• Robotic milking: milking on demand by a robot. An electronic tracking device enables the milking duration to be tailored to each cow depending on its volume of available milk. 5% of French farms are equipped with milking robots.

  

   Pipes take the milk to a refrigerated
   tank.

Refrigerated storage
Objective:

Chill the milk to prevent bacteria from developing and store milk in the right conditions

Processes
  • A pre-cooling system before the milk arrives at the storage tank
  • Storage in a 4°C refrigerated tank for a maximum of 72 hours
Benefits:
  • Preserves the beneficial bacterial flora of milk.
  • Prevents the development of pathogens.
Quality analysis
Objective:

Guarantee milk quality

Processes
  • Milk samples are taken during collection
  • Samples are sent to authorized laboratories for analysis based on different criteria
Benefits
  • For farmers: quality-based milk payments
  • For dairies: manufacturing of quality dairy products
  • For consumers: a guarantee of food safety and organoleptic quality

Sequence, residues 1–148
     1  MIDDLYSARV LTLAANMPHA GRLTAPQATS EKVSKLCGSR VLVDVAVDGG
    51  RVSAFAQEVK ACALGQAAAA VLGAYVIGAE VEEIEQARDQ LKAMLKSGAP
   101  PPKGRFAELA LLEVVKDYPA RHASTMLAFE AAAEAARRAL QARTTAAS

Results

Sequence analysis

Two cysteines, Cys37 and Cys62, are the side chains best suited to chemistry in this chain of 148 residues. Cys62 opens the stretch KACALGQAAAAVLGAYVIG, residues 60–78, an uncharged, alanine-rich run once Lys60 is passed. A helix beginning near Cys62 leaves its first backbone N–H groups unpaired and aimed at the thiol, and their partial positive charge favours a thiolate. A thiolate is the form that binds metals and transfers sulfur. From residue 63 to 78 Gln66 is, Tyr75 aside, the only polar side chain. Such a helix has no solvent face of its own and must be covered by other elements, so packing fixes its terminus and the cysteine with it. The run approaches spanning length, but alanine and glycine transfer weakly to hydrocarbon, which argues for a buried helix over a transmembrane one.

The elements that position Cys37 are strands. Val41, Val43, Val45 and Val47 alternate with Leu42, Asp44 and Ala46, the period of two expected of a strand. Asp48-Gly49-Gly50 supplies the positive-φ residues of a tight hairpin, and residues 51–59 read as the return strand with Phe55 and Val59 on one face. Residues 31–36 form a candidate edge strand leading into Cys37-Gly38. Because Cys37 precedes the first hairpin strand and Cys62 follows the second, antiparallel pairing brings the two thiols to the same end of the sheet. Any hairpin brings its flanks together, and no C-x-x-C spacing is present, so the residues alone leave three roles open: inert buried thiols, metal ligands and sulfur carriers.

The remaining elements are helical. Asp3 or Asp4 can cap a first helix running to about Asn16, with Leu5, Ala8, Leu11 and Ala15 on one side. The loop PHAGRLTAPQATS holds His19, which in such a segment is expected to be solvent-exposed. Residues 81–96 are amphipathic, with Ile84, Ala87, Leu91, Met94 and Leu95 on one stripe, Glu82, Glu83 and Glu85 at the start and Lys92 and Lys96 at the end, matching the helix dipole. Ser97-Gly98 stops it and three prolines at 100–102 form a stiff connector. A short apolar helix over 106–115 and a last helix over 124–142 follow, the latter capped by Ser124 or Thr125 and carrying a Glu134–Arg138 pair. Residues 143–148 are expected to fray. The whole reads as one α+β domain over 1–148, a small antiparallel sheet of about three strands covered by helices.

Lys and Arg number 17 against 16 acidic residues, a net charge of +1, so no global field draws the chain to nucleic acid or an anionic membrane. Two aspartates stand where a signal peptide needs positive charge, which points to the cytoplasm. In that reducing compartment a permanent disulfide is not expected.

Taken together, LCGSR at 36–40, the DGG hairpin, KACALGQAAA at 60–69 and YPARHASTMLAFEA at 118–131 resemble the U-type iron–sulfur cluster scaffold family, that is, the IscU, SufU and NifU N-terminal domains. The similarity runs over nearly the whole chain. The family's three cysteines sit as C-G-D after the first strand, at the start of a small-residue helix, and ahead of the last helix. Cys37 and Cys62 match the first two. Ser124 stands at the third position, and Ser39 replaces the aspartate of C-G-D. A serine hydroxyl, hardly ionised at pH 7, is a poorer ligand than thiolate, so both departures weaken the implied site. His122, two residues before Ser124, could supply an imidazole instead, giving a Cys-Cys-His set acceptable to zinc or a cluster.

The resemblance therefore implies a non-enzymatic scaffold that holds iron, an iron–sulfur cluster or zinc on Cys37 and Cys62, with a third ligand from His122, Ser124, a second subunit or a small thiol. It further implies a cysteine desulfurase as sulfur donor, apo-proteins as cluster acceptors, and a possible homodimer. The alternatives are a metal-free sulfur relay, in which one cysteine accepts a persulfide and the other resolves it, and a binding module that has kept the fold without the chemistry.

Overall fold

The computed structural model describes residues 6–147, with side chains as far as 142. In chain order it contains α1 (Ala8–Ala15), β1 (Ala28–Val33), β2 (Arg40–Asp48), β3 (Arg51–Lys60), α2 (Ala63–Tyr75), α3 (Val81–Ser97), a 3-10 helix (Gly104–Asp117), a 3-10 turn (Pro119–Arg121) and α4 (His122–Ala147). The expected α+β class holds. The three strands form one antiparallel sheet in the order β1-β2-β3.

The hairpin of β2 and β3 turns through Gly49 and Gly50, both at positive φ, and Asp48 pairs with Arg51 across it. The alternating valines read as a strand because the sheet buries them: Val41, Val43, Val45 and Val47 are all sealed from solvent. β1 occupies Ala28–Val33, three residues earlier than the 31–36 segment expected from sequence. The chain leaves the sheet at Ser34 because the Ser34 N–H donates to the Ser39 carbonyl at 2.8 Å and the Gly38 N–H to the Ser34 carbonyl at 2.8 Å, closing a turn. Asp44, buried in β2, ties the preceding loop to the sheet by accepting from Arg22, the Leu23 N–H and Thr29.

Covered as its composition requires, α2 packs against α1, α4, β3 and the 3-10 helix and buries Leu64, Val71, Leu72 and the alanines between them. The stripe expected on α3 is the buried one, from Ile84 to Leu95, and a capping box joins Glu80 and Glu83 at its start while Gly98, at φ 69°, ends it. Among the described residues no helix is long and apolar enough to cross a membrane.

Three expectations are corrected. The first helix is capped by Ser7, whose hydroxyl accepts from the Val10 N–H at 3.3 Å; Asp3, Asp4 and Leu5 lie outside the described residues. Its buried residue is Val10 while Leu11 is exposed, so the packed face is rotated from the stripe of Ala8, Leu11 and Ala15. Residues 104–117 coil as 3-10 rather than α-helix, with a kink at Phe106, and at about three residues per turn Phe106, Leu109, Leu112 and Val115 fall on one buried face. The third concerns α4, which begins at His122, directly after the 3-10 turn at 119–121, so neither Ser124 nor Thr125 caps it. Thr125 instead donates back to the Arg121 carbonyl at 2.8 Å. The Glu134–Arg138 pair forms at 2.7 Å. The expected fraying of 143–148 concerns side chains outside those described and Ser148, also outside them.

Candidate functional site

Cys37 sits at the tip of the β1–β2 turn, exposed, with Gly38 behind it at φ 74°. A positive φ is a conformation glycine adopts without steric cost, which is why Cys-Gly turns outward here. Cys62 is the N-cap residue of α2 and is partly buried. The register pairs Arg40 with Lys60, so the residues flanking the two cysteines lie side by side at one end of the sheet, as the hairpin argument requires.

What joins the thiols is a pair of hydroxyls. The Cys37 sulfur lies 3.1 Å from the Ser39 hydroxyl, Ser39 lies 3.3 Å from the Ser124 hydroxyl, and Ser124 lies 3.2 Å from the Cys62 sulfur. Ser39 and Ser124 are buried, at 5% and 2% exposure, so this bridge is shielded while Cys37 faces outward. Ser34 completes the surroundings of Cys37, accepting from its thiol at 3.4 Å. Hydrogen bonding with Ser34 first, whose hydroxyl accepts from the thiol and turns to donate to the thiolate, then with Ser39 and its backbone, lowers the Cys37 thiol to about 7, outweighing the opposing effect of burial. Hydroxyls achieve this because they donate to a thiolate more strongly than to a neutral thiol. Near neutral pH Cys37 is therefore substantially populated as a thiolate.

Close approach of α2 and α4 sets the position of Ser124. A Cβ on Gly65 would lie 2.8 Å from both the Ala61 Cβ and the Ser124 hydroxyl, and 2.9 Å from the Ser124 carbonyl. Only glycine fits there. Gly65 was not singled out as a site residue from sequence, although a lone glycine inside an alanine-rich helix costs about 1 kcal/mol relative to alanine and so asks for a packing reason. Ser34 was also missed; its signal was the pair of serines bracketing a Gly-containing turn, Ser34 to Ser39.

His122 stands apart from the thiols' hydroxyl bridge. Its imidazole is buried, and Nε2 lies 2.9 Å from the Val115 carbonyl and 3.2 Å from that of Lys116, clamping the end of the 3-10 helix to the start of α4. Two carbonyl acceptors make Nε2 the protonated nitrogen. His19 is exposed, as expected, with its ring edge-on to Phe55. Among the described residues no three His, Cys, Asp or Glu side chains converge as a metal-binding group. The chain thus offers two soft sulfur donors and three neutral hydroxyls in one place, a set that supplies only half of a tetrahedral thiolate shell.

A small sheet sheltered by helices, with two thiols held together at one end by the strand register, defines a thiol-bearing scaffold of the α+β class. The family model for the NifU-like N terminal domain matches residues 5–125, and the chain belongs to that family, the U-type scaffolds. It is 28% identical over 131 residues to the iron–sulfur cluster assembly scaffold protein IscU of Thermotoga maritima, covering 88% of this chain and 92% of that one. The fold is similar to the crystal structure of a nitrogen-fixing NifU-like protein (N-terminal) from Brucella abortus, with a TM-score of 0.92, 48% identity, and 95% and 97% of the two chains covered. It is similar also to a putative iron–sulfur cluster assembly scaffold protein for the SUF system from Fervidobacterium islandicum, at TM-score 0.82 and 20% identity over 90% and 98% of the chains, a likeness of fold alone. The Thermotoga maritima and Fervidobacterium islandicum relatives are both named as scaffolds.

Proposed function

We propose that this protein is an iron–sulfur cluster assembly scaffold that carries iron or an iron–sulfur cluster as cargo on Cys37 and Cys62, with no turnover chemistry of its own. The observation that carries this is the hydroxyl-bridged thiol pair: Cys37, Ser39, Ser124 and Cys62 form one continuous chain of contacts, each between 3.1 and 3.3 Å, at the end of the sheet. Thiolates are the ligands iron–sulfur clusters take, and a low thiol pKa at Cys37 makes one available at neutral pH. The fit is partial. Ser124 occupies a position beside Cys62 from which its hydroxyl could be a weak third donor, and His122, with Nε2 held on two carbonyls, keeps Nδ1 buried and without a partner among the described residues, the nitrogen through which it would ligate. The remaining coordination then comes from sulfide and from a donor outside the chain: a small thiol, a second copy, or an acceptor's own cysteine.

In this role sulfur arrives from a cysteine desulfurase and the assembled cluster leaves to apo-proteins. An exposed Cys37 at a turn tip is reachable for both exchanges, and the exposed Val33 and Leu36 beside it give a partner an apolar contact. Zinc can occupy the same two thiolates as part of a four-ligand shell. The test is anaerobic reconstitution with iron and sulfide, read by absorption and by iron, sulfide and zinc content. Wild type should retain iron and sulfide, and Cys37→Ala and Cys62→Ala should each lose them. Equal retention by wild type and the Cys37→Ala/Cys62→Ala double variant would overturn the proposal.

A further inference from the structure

Collection
Objective:

Transport milk from the farm to the dairy

Processes
  • Every two days, an isothermal refrigerated tanker collects the raw milk and transports it to the dairy.
Benefits

The cold chain is maintained

Quality analysis
Objective:

Guarantee product quality

Processes

Samples are sent to laboratories to detect any traces of antibiotics or other substances that could negatively impact manufacturing

Benefits
  • For dairies: manufacturing of quality dairy products
  • For consumers: a guarantee of food safety and organoleptic quality
Unloading and storage at the dairy
Objective:

Transfer milk from the refrigerated tanker to the factory tank for storage before processing

Processes
  • The milk is transferred from the tanker to the storage tank by a system of pipes.